Saturday, July 31, 2010

The Eyes of A Child, or, A Friend Does Not Have To Be a Peer

People have long said that there are two sides to every coin. It's a cliche that's probably been used for about as long as the coin has existed (perhaps I should research that one day). Call the two sides what you will. Heads - Tails. Good - Evil. Yin - Yang. Whatever.

People have also long said that there are two sides to every person. For me, the two sides of the coin most often at war with each other are the Parent - Friend sides. Unfortunately, we live in a time when children seem to, on a more and more frequent basis, be completely bereft of any parental guidance whatsoever. Take a look around you and prove me wrong. I dare you to try. I think that one of the most unfortunate consequences of this cultural shift has been our unwillingness to find any middle ground at all with our children. Another human fallacy seems to be the propensity to take things too far. We either swear that our children "will not behave like that" so we clamp down so much they have little to no freedom whatsoever (often only delaying the inevitable rebellion) or we just depend on them to develop themselves into well-rounded individuals through things like "active-listening" (thanks, Raymond!) or other such philosophical/psychological methods. Not to say that any of these are bad in and of themselves, but again, it's meant to merely make a point: we tend to be one way or the other.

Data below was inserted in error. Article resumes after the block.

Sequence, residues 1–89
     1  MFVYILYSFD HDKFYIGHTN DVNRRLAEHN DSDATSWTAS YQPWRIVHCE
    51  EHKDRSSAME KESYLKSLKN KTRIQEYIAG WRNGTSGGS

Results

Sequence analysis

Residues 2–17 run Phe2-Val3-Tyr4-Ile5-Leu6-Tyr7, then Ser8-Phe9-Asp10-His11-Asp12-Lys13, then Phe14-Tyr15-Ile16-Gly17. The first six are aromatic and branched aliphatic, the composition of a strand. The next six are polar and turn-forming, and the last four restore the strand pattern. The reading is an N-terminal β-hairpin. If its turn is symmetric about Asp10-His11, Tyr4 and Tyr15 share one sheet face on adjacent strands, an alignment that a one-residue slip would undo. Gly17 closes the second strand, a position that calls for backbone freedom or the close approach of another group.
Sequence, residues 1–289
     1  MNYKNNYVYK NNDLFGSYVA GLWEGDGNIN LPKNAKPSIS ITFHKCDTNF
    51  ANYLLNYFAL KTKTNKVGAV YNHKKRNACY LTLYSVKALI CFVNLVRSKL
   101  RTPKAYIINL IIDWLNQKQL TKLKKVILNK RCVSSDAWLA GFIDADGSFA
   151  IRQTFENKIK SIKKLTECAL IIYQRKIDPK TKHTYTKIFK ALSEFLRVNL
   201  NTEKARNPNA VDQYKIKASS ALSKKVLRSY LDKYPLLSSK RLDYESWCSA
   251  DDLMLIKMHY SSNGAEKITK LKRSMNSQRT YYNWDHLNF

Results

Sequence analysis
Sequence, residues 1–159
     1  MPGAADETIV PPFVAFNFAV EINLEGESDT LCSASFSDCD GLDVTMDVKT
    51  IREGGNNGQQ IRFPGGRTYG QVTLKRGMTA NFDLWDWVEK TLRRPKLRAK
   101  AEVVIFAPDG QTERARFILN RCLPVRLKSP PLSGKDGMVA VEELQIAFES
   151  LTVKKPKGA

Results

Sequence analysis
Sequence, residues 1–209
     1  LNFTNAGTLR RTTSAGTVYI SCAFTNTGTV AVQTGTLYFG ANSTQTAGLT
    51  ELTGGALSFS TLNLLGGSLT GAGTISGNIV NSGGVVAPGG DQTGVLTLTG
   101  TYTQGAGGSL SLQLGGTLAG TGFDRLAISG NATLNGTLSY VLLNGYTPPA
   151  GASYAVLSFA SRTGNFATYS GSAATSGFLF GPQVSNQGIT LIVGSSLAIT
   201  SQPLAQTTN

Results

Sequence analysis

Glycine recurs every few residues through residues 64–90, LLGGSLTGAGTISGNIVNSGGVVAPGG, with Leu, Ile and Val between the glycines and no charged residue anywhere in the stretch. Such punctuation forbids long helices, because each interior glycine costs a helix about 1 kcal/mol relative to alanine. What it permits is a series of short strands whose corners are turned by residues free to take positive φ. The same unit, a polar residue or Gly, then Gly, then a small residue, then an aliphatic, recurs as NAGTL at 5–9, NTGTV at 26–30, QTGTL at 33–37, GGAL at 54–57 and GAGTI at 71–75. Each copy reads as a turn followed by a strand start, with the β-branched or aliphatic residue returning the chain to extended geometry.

One thing you hear a lot these days (at least in terms of raising children) is that you "are not your child's friend, you are their parent!". It's even popular in Christian circles (and maybe especially so).

Well, I disagree (so what else is new?)!

A friend and I were talking recently about this very topic (no idea how we got on the subject) and the topic of our own childhood came up. Not to belabor a point, I was quick to point out that when it came down to my feelings about my own dad, I had no trouble differentiating between my dad the parent, and my dad the friend. He was ample parts both. My dad the parent ruled the roost, taught me right from wrong, disciplined me, and let me know who was boss. My dad the friend taught me how to ride my bike, how to catch, watched baseball and football with me... well, you get the idea. Was he still my parent while he was doing those things? Of course. But I can still remember the child-like glee in his eyes when he did many of those things. I still see that look now when we're watching certain movies my mom can't stand. My dad knew how to successfully tread the line between being a parent and a friend, and I always knew which he was at any given time.

I want my own sons to know the same thing. I don't want to come down on them like a hammer 24/7 for their own good to keep them out of trouble. I also don't want to be just their friend. I want to be their parent, and their friend. I want to walk the line, and I want to do it successfully like my old man did.

And when we do things together that we both enjoy, I want them to know that the glee they see in my eyes mirrors the glee I see in their eyes, and that it's genuine from a man who is both their parent, and their friend.

I think that my pictures speak for themselves.